A little tidbit in this piece about Georgia’s Collective, the Classic City Collective, and its new fundraising initiative, The 21 Club:
It’s important to note that the Classic City Collective is not an arm of the university or its athletics program. It’s an independent LLC that receives no funding from UGA. However, Hibbs is allowed to communicate with Smart to ensure the collective is working in the program’s best interests. This has included Hibbs asking Smart which players may need some opportunities to earn some extra money.
“I’ve asked, ‘Have any of the players come to you and say they sent their money to their parents? Do they need extra money?’ I’d like to help those people out first,” Hibbs said. “Stetson (Bennett) and Brock (Bowers), those guys have agents working on their behalf. Not everybody has that. I want to help the players who need it.”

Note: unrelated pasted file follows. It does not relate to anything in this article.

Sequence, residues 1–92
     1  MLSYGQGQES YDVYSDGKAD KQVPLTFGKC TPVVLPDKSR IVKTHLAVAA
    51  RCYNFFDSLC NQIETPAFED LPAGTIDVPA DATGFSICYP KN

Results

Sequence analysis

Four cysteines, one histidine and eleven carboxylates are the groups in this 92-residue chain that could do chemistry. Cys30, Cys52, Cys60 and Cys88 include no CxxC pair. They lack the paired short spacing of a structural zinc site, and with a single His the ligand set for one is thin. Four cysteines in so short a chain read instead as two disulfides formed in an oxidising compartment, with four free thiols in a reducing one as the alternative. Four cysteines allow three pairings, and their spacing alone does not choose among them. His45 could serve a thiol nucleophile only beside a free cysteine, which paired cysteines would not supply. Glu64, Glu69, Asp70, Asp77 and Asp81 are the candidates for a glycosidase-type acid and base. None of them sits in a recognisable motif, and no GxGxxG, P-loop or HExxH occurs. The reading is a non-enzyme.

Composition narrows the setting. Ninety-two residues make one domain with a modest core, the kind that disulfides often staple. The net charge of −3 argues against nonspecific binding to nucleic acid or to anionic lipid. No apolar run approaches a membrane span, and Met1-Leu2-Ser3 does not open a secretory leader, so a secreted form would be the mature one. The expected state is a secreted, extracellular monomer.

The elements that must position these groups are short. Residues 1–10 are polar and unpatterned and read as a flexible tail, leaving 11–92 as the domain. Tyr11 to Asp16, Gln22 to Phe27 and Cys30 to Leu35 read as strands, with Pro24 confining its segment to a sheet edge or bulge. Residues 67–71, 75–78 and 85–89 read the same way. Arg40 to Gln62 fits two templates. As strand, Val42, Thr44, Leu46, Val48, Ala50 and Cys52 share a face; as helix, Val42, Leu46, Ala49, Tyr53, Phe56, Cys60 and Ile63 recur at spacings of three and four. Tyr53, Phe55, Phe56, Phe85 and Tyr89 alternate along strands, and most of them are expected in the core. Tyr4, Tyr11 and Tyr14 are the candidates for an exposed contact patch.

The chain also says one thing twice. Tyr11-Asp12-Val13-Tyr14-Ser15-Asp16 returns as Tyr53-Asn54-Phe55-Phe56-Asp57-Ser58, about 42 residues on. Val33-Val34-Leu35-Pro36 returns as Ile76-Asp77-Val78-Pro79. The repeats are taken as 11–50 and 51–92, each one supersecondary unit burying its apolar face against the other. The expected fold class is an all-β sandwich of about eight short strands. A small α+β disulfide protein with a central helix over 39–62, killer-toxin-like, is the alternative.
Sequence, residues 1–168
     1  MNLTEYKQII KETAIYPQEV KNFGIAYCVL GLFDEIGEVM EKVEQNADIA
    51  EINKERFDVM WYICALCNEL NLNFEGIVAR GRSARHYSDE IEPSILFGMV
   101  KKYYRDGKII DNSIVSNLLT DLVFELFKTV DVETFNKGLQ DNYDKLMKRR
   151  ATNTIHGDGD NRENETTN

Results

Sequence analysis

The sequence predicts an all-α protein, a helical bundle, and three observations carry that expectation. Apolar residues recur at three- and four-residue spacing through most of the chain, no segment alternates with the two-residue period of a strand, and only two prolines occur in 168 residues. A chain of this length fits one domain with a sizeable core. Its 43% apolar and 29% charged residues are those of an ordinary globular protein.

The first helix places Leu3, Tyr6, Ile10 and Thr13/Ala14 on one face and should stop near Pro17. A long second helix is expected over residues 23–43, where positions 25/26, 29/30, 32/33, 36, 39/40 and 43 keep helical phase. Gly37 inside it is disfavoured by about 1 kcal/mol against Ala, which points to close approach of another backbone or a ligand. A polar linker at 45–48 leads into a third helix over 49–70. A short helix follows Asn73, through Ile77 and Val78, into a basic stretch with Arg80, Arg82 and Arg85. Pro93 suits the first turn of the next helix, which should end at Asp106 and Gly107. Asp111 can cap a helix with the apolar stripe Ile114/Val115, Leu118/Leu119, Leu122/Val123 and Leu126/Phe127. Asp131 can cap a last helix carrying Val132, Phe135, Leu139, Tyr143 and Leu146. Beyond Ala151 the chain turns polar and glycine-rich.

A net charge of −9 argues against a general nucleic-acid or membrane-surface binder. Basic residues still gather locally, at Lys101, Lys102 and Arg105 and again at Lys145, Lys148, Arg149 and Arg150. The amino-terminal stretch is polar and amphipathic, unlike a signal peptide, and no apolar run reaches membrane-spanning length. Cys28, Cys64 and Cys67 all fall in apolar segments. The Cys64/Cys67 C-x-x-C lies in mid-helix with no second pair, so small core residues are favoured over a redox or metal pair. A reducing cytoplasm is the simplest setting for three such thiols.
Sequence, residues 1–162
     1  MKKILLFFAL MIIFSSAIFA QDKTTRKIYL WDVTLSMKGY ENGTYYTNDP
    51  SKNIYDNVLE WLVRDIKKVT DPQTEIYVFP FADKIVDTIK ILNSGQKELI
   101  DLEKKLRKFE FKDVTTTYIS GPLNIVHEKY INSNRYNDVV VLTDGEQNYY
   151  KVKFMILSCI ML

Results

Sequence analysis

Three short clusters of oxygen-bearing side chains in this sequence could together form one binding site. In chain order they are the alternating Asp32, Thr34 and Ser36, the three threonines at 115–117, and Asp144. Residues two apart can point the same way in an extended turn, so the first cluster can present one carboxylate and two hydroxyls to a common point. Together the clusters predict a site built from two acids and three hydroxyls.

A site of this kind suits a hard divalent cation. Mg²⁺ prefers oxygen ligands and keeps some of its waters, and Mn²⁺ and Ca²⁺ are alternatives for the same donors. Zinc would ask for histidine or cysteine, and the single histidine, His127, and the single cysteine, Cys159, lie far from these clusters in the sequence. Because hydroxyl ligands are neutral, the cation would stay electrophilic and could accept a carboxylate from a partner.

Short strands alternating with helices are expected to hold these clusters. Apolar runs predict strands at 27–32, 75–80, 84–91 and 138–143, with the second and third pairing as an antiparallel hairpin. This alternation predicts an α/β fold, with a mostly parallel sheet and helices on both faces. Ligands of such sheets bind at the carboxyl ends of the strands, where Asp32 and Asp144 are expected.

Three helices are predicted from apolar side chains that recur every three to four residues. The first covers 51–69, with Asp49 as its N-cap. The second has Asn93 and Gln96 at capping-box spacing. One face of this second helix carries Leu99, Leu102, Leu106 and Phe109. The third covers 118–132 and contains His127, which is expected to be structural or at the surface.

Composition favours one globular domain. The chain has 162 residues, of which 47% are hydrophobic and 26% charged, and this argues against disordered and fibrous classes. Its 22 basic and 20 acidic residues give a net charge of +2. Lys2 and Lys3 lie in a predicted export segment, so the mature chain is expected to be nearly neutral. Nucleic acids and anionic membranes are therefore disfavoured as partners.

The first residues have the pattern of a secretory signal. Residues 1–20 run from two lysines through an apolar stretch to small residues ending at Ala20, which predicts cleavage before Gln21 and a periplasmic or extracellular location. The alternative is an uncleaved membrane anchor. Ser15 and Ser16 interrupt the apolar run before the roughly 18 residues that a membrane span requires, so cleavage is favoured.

As for recruiting, the Classic City Collective has a central hub that the coaches are able to use to show recruits what kind of NIL deals players are getting. The coaches are allowed to tell recruits how much money current players have earned and what kind of opportunities are available. However, the coaches cannot say these opportunities are guaranteed to the recruits themselves or have them sign any contracts.
“We are 100 percent aligned. Kirby and I, Josh Brooks and the athletic department,” Hibbs said. “I worked there, they trust me. They understand I am not going to put them in a bad position. I’m not putting them behind the eight-ball. That has allowed us a lot more flexibility. That has allowed us to get further down this road quickly because of those relationships. I’m very transparent with everyone with what we’re doing.”
It seems to me there are two approaches that can be taken when it comes to collectives: one, allow the boosters to raise as much NIL money as they can without the school imposing any controls; and, two, placing some restrictions on the collective by running it subject to input from the program, even if that means some dollars are sacrificed. Georgia, like Alabama, appears to be squared up in the latter camp.